Hypoxia is low levels of oxygen in your body tissues. It causes symptoms like confusion, restlessness, difficulty breathing, rapid heart rate, and bluish skin. Many chronic heart and lung conditions can put you at risk for hypoxia. Hypoxia can be life-threatening. If you are experiencing symptoms of hypoxia, call 911 or go to the nearest ER.
Hypoxia is when the tissues of your body don’t have enough oxygen. When you breathe, you take oxygen into your lungs, where it travels through your airways out into small sacks called alveoli. From there, it gets picked up by your blood in small vessels that travel close to the alveoli (capillaries). Finally, it travels through your blood out to other tissues.
You can think of oxygen as billions of passengers flying into the airport (your lungs). They get picked up at the gate and get on the highway (blood vessels) to be taken to their destination (your tissues). As the oxygen gets dropped off, it makes room for a different passenger to be picked up: carbon dioxide. Carbon dioxide is a waste product, which is then taken back to your lungs and exits your body when you breathe out.
If not enough oxygen gets through at any place on the journey, it can lead to hypoxia. Airflow and blood flow are both important to the process. This is why lung disease and heart disease both increase your risk of hypoxia. Someone who experiences hypoxia is called hypoxic.
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You may hear the words hypoxia and hypoxemia used interchangeably, but they aren’t the same. The names sound similar because they both involve a lack of oxygen but in different parts of your body.
Hypoxia is low oxygen levels in the tissues and hypoxemia is low oxygen levels in the blood. Hypoxia is often caused by hypoxemia but not always. You can be hypoxic but not hypoxemic and vice versa.
Any condition that reduces the amount of oxygen in your blood or restricts blood flow can cause hypoxia. People living with heart or lung diseases such as COPD, emphysema or asthma, are at an increased risk for hypoxia. Some infections, like pneumonia, influenza and COVID-19 can also increase your risk of hypoxia.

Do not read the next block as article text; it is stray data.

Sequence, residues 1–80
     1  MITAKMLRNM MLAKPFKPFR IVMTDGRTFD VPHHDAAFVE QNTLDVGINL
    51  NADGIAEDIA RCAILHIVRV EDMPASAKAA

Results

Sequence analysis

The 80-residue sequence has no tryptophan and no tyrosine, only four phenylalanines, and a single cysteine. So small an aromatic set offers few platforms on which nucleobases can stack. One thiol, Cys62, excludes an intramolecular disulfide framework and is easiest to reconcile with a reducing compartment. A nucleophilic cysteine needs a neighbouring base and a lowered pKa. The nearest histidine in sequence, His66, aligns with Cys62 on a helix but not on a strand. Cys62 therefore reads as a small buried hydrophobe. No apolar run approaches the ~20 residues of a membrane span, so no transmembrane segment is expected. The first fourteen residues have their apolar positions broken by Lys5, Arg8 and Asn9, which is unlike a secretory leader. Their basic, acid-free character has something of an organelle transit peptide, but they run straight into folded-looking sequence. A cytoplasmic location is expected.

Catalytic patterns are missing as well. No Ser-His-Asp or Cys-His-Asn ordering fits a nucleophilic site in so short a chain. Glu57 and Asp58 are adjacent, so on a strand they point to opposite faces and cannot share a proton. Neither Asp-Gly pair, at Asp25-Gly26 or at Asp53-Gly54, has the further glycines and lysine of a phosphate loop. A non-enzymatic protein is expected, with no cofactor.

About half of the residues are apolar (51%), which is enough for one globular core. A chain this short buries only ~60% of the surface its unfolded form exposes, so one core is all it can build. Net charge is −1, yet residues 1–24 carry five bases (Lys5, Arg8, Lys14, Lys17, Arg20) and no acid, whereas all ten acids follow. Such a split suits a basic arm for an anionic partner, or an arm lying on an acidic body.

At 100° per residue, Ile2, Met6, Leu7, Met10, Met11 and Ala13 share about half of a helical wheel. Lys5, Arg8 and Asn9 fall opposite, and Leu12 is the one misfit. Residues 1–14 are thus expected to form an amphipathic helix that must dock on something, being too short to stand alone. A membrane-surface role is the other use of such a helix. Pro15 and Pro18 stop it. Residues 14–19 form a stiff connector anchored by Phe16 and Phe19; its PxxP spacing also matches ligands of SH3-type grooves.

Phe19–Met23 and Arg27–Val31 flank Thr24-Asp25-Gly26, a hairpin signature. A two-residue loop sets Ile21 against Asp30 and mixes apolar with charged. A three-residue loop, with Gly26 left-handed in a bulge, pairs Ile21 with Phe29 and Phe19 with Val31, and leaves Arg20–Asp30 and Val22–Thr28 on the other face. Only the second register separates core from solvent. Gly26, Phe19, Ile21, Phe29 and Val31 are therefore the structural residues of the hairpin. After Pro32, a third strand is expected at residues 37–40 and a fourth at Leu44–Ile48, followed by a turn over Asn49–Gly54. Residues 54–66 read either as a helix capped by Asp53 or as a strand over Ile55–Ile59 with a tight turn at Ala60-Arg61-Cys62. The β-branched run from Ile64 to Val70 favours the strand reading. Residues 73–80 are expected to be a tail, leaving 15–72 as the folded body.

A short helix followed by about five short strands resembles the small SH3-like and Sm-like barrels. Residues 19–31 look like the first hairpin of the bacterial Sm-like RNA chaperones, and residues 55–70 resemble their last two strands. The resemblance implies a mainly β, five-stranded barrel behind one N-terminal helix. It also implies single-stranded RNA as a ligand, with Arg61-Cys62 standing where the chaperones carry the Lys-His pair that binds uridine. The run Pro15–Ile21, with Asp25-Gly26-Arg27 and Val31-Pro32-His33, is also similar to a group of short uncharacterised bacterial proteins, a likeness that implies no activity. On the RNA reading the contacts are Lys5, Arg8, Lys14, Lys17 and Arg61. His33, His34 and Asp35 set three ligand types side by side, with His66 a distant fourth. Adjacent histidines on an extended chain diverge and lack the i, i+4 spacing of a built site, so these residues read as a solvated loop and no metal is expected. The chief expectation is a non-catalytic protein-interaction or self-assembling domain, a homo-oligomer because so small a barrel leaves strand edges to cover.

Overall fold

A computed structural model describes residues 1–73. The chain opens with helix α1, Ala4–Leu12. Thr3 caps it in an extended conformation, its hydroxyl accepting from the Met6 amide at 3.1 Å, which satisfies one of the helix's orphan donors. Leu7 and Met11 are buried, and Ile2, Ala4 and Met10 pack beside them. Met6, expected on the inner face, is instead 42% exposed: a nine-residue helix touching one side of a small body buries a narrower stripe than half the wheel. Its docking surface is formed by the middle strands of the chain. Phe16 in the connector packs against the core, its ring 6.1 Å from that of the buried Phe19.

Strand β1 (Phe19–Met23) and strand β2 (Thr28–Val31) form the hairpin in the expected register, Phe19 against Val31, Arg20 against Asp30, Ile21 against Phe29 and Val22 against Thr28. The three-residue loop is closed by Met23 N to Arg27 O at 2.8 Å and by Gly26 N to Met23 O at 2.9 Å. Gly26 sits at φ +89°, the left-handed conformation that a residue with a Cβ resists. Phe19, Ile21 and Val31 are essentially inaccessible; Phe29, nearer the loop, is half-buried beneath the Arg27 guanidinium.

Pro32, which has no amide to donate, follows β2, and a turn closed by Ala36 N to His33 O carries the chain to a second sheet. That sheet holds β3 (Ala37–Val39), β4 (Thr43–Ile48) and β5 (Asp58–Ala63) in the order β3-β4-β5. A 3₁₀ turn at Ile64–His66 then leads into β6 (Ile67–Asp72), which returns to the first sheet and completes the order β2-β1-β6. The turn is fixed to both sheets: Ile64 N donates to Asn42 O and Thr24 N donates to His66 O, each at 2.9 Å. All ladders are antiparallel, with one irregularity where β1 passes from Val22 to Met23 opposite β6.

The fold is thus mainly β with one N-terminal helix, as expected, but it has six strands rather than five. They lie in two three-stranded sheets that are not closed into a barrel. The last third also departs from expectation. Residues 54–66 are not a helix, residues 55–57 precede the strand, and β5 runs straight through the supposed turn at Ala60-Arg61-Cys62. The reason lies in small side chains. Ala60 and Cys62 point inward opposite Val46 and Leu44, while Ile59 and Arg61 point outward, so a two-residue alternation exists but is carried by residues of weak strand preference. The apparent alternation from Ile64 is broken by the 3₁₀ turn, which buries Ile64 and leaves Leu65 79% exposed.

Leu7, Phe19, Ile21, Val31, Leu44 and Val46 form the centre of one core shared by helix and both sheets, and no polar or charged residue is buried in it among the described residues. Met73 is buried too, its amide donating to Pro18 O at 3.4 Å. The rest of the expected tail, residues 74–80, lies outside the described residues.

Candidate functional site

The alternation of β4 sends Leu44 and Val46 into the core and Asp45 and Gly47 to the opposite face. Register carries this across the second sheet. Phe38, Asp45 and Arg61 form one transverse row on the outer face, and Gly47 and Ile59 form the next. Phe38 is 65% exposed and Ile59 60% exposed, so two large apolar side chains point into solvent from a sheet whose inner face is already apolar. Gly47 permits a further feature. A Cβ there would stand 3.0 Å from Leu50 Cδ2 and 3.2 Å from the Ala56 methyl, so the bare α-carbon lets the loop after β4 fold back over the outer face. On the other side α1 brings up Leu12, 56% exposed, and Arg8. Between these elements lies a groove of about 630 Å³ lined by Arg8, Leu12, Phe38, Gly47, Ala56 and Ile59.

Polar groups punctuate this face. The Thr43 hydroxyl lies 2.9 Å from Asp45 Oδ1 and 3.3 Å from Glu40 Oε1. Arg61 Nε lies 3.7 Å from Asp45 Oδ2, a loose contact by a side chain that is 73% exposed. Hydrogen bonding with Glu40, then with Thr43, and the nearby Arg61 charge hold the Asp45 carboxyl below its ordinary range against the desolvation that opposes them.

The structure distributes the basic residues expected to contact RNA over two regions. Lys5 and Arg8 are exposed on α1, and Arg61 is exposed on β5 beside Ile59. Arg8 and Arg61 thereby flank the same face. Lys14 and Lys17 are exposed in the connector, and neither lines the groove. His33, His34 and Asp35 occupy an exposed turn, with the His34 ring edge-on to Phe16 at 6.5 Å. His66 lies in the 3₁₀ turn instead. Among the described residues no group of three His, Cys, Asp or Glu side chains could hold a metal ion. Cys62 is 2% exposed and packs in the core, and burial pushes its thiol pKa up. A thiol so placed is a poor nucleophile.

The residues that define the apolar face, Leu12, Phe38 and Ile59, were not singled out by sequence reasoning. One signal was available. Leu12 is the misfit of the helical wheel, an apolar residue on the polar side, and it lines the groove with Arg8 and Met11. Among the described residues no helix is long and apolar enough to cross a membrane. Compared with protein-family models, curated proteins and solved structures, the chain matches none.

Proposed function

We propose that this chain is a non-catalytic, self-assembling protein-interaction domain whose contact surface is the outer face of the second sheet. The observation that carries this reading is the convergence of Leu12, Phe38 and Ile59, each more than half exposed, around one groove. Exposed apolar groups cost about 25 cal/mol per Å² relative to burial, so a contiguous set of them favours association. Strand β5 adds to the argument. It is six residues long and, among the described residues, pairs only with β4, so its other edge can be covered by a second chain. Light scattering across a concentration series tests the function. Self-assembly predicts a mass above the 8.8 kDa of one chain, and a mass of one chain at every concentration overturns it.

Your cells need oxygen to produce energy and help your organs and tissues to do their jobs. While some of your tissues can adjust to temporary dips in oxygen levels, prolonged hypoxia can cause organ damage. Brain and heart damage are particularly dangerous and can lead to death. Lack of oxygen to your brain is called cerebral hypoxia.
Hypoxia symptoms vary depending on the severity, underlying cause and what parts of your body are affected. When your oxygen is low, you might feel like you can’t breathe or think properly. Some hypoxia symptoms include:
Severe hypoxia can cause additional symptoms:
Hypoxia is most often caused by an underlying illness that affects blood flow or breathing. Conditions that can lead to hypoxia include:
For oxygen to make it to the cells in your tissues, you need:
The four types of hypoxia are each caused by a lack of oxygen in any one of these areas.
Low amounts of oxygen in the blood (hypoxemia) can lead to hypoxemic hypoxia, the most common cause of hypoxia. Hypoxemia can be caused by lung and heart diseases, congenital heart defects, and medications that slow your breathing. Traveling to a high altitude, where levels of oxygen are lower, can also cause hypoxemia.
Your blood can have plenty of oxygen, but not enough of it gets to your tissues if the heart doesn’t pump enough blood or there is a blockage in a blood vessel. This is called circulatory hypoxia (also called stagnant hypoxia or ischemic hypoxia). Congestive heart failure and blood clots can increase your risk of circulatory hypoxia.